An annual survey commissioned by Discover Student Loans shows that the number of parents who plan to help their children pay for college is up from last year.
Parents increasingly feel that a college education is valuable and a worthwhile expense.
- Eighty-seven percent of parents say college is “very important” to their children’s future, compared to 81 percent in 2012.
- Eighty-one percent of parents plan to help pay for their children’s college education, an increase from 74 percent a year ago.
But, as many families are learning, there is a big difference between a parent’s willingness and their ability to pay for college expenses.
Families are becoming more sensitive to college affordability and the return on investment (ROI). They are comparing college costs based on net price, the annual cost of college attendance minus the average institutional/government grant. If the net price is close, families are choosing the college with the better perceived quality. If the net price differs by more than $5,000, they are choosing the less expensive college. In between, they are agonizing over the decision of where to attend.
Families are also increasingly sensitive to the amount of debt, in part due to increased media coverage and in part due to debt increasing, while family income remains flat. Improved consumer disclosures, such as net price calculators and the (unfortunately not mandatory) shopping sheet standard for financial aid award letters, are also having an impact.
Since 2011, the top reason why students don’t enroll at their first choice college is no longer that they didn’t get in, but rather because of money. Students are increasingly shifting their enrollment from higher-cost cost colleges to lower-cost colleges. Small high-cost private non-profit colleges that recruit regionally are increasingly struggling to make enrollment goals.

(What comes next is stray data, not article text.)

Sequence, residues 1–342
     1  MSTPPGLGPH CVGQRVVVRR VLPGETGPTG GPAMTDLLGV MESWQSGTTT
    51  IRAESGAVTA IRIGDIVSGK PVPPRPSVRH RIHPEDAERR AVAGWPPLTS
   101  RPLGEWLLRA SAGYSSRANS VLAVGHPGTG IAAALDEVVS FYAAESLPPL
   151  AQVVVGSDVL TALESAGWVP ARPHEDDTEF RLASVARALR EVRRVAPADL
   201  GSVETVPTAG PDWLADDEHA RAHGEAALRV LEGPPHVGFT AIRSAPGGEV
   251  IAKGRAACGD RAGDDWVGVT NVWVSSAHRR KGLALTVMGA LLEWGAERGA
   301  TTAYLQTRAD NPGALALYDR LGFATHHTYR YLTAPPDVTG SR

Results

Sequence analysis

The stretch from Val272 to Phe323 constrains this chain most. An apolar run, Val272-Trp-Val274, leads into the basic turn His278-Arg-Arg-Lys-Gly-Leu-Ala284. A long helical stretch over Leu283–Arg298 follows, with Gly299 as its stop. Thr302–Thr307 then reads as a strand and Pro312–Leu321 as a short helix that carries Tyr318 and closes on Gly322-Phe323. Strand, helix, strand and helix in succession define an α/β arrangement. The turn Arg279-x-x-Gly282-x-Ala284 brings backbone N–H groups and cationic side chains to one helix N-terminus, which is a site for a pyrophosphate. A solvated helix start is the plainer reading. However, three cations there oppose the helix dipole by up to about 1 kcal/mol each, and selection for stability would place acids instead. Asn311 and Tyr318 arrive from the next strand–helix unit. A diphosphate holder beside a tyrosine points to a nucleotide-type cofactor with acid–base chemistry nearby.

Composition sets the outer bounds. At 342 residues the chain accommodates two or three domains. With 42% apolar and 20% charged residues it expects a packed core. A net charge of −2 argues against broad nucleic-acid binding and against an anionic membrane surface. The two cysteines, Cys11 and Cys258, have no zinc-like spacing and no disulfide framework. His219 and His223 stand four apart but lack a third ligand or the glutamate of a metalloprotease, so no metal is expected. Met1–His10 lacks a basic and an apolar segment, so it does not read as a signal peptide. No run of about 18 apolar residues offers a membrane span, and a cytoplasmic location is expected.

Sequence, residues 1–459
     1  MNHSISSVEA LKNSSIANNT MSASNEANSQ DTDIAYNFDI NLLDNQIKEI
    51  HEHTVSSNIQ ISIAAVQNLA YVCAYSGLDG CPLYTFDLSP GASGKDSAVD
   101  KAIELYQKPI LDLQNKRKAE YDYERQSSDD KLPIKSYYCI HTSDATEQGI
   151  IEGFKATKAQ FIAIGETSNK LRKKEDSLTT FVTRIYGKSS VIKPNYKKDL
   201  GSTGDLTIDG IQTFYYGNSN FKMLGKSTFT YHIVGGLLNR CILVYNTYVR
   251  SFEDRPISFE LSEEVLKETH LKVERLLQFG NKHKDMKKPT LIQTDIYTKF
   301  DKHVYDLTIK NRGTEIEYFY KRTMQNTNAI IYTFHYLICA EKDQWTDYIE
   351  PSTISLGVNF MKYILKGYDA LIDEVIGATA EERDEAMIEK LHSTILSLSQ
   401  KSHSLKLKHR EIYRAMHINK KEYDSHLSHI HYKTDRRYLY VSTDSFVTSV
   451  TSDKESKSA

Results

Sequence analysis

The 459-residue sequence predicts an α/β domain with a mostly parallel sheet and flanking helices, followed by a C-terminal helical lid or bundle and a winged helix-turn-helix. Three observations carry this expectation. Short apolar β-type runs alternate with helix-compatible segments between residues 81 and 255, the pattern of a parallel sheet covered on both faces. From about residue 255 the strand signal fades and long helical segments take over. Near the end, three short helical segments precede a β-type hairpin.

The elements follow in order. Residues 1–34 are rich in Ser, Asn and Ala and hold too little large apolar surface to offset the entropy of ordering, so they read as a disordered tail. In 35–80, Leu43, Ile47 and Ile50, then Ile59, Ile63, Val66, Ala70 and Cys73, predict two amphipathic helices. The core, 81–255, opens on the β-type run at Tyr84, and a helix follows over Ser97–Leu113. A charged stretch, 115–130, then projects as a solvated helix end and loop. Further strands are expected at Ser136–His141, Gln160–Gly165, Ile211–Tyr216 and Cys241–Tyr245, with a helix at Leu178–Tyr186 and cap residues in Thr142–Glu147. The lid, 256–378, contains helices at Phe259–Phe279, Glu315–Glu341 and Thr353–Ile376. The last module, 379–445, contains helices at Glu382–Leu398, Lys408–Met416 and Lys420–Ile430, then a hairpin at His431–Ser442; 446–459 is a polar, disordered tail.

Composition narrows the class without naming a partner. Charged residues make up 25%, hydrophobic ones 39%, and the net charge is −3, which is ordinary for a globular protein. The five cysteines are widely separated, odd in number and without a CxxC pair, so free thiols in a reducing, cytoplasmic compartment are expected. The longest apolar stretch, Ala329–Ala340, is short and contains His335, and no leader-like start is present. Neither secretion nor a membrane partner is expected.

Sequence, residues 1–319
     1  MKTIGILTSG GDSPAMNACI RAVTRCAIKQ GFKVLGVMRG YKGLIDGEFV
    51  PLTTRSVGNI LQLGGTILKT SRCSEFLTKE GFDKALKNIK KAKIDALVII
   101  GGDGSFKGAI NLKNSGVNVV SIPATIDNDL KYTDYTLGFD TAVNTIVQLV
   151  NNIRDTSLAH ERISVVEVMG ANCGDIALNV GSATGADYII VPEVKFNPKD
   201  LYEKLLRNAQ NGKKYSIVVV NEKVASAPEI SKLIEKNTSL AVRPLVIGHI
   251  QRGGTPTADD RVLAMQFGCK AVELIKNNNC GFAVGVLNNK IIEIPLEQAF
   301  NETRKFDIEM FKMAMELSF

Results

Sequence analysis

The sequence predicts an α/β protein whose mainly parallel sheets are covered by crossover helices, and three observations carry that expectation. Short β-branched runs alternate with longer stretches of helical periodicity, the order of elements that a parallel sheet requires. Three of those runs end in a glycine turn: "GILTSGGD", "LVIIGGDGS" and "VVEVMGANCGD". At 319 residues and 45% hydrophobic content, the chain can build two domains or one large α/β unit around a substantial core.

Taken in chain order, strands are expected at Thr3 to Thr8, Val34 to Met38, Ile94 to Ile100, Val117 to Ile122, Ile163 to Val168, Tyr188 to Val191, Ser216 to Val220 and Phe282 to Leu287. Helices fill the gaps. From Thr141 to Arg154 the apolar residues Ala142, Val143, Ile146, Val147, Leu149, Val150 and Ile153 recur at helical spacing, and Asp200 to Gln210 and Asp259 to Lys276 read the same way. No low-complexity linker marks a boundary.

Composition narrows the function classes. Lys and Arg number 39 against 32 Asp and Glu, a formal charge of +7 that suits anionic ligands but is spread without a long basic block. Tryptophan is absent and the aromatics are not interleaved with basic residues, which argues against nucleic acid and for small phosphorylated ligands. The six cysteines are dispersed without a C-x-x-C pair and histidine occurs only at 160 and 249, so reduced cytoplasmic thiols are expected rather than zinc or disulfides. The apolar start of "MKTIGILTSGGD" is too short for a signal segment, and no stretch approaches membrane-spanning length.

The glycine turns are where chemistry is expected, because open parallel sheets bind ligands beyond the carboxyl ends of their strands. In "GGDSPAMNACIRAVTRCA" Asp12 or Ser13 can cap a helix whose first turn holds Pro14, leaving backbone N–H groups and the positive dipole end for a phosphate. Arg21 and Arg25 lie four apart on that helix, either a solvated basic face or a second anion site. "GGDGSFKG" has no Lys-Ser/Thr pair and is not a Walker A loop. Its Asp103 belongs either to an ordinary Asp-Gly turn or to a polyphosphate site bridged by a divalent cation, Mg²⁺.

When one looks at Payscale.com data on the return on investment, sorting the data by total dollar ROI lists Science Technology, Engineering, and Math (STEM) programs at elite private non-profit colleges at the top. But when one sorts the data by the percentage ROI, STEM programs at in-state public colleges are listed at the top. The total dollar ROI at in-state public colleges is a little less than the top non-profit colleges, but the rate of return is higher because public colleges cost much less.
According to Mark Kantrowitz, Publisher of Edvisors Network, parents are taking a more nuanced approach. They want their children to be able to earn a living, especially if they are borrowing to pay for college. But they also want their children to be happy. So while some are steering them toward more lucrative academic majors, others are steering them toward lower-cost colleges where the student can graduate with less debt.
The key is to keep the students’ debt in sync with their income after graduation. This can be achieved either by pursuing a more lucrative academic field of study or by enrolling in a less expensive college. If the student wants to major in underwater basket-weaving, which presumably doesn’t pay very well, the parents aren’t going to send them to the most expensive college.
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